Joseph Still.
27th February 1717
Reference Numbert17170227-13
VerdictGuilty
SentenceDeath

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Joseph Still alias Cutterel , of the Parish of Stoke-Newington in the County of Middlesex, was indicted for an Assault and Murder committed on the Body of John Green , by giving him one mortal Wound on the Left side of his Head, near his Left Eye, the 5 of January last, about Five in the Morning, with the Hedging-Bill, of which he languish'd till the 13th of February and then died .

He was a Second time indicted upon the Coroner's Inquest for the same.

After the Council for the King had open'd the Cause, James Howland , Fellow-servant with the Deceas'd, depos'd, That they being Servants to Mr. Nathaniel Carpenter upon the Day and time aforesaid, be heard the Deceas'd cry out for Help. he looking out at the Window ask'd him where he was, and immediately ran to his Assitance, where he found the Deceas'd near his Master's House struggling with the Prisoner having gotten him fast hold by the Hand and the Collar; and that the Deceas'd had then receiv'd a Wound, and was very bloody; and that tho' the Prisoner was a sturdy Villain, he held him till Thomas Meers , a Watchman, came to their Assistance, having heard the Outcries; upon which, it being in vain to result, he surrendred. This was in part confirmed by Thomas Meers , the Watchman, who swore that he took the Hedging-Bill of him, which was all bloody: And they likewise depos'd they saw a Ladder reared up against Mr. Carpenter's Garden-Wall and Candle and Matches,&c. lying on the Ground. The Affidavit of the Deceas'd was produc'd and read in Court, that he spying the Prisoner in his Master's Garden, who, seeing the Deceas'd, ran to get over the Wall out of the Garden again, he ran a nearer Way and met him just coming down the Ladder on the outside of the Garden-Wall in an adjoining Field; and that following him to seize him, the Prisoner said, G - d G - mn him, if he offer'd to touch him, he would murder him; and that he gave him the said Blow on his Head with the Bill. Nicholas Field , the Surgeon, the depos'd, That he dress'd the Deceased's Wound, and putting in his Instrument, found that there was a Roughness upon the Skull, and he did fear it might be fractur'd; and calling in the Assitance of Mr.Green, took out some Pieces of the Skull, and found a Quantity of corrupted Matter come out; and that he did verily believe the Wound was the cause of his Death. Mr.Carpenter gave a very good Character of the Deceas'd, lamentaing the Loss of the best Servant ever had, or feared ever should. The Prisoner in his Defence deny'd he ever was in Mr. Carpenter's Garden; but said the Reason of his being out so soon was that he had a Sister very ill, who had sent for him to come to her. He did not deny that he gave the Deceas'd the Wound; but said he did it in his own Defence. And being ask'd what Business he had with the Hedging-Bill, reply'd, that he carried it to defend himself from Rogues, tho' it seems he need not have been under much Apprehension of meeting any greater than himself, either in Person or Impiety . For besides that he had the Reputation of being a long Practitioner in such Deeds of Darkness, a Record was produc'd in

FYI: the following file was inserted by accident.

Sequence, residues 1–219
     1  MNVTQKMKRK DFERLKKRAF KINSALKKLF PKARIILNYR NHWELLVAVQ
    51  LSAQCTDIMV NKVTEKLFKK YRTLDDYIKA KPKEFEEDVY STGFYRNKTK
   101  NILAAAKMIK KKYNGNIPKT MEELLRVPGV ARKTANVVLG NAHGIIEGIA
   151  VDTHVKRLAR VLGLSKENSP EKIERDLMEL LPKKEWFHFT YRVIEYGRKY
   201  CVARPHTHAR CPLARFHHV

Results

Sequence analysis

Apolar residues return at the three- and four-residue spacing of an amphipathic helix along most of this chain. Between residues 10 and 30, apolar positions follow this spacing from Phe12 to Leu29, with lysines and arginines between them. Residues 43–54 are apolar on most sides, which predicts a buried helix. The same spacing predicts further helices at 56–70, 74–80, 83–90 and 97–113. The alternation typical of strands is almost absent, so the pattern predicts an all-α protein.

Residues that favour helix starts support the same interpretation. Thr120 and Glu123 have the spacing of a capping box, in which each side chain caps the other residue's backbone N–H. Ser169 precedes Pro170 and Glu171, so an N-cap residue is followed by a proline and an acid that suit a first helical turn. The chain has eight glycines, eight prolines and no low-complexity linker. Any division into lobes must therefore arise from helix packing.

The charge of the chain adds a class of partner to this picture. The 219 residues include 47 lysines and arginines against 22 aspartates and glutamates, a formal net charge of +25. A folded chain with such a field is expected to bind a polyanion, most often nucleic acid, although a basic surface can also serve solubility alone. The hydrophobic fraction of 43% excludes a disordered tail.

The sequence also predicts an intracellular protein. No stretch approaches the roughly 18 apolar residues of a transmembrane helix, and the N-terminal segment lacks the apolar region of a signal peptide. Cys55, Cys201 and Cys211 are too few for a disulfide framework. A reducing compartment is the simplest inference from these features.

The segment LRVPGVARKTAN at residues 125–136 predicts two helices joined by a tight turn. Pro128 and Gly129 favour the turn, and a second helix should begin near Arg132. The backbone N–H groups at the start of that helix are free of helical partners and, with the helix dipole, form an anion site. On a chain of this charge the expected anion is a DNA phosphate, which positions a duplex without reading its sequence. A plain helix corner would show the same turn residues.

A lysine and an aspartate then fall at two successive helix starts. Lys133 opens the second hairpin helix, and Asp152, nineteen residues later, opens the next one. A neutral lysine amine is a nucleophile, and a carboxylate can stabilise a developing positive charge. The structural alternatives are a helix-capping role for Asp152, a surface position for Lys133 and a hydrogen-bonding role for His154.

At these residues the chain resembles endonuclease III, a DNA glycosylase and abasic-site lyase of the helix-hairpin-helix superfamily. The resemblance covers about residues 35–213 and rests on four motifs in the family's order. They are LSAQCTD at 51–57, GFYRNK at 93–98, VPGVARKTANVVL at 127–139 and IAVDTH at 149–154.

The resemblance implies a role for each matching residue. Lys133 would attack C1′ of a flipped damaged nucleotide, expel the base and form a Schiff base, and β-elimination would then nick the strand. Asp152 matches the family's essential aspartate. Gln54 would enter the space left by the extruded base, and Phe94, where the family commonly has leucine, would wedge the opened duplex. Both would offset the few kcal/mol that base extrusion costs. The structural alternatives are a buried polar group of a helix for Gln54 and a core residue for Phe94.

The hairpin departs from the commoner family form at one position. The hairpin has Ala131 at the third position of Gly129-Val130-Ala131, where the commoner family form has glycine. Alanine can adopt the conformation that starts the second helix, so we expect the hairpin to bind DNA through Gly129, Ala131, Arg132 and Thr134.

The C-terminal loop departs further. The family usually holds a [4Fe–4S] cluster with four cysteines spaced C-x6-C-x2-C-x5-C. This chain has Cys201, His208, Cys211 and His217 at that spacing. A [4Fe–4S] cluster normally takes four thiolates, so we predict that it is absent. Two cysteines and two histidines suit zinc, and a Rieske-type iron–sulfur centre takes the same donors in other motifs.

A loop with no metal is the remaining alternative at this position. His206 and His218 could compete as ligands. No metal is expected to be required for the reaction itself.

Court of his having been Convicted at Hereford Affizes, and burnt in the Hand, for robbing the Lady Butterfield; and several Person's came many Miles to do him and themselves Justice, in ridding themselves of so troublesome and dangerous a Neighbour. The Evidence being as plain as the Fact was barbarous, the Jury found him Guilty of both Indictments.

[Death. See summary.]


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